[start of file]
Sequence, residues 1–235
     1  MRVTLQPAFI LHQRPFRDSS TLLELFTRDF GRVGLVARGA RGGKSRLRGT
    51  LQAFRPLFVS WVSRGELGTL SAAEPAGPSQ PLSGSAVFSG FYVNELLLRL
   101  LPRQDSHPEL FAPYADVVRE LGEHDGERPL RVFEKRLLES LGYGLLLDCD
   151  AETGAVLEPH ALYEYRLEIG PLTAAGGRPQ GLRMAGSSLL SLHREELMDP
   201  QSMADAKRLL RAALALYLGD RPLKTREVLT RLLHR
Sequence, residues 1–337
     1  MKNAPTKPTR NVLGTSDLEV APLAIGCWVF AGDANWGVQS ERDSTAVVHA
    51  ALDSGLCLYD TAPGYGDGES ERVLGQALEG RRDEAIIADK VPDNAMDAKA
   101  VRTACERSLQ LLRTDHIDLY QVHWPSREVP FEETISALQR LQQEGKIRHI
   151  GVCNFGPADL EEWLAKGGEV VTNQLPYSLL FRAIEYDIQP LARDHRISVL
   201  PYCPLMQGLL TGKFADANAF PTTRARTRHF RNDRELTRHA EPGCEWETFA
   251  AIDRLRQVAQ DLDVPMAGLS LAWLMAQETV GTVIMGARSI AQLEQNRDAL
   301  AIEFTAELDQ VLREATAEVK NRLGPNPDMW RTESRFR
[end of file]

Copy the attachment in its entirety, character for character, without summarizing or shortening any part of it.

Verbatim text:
Sequence, residues 1–235
     1  MRVTLQPAFI LHQRPFRDSS TLLELFTRDF GRVGLVARGA RGGKSRLRGT
    51  LQAFRPLFVS WVSRGELGTL SAAEPAGPSQ PLSGSAVFSG FYVNELLLRL
   101  LPRQDSHPEL FAPYADVVRE LGEHDGERPL RVFEKRLLES LGYGLLLDCD
   151  AETGAVLEPH ALYEYRLEIG PLTAAGGRPQ GLRMAGSSLL SLHREELMDP
   201  QSMADAKRLL RAALALYLGD RPLKTREVLT RLLHR
Sequence, residues 1–337
     1  MKNAPTKPTR NVLGTSDLEV APLAIGCWVF AGDANWGVQS ERDSTAVVHA
    51  ALDSGLCLYD TAPGYGDGES ERVLGQALEG RRDEAIIADK VPDNAMDAKA
   101  VRTACERSLQ LLRTDHIDLY QVHWPSREVP FEETISALQR LQQEGKIRHI
   151  GVCNFGPADL EEWLAKGGEV VTNQLPYSLL FRAIEYDIQP LARDHRISVL
   201  PYCPLMQGLL TGKFADANAF PTTRARTRHF RNDRELTRHA EPGCEWETFA
   251  AIDRLRQVAQ DLDVPMAGLS LAWLMAQETV GTVIMGARSI AQLEQNRDAL
   301  AIEFTAELDQ VLREATAEVK NRLGPNPDMW RTESRFR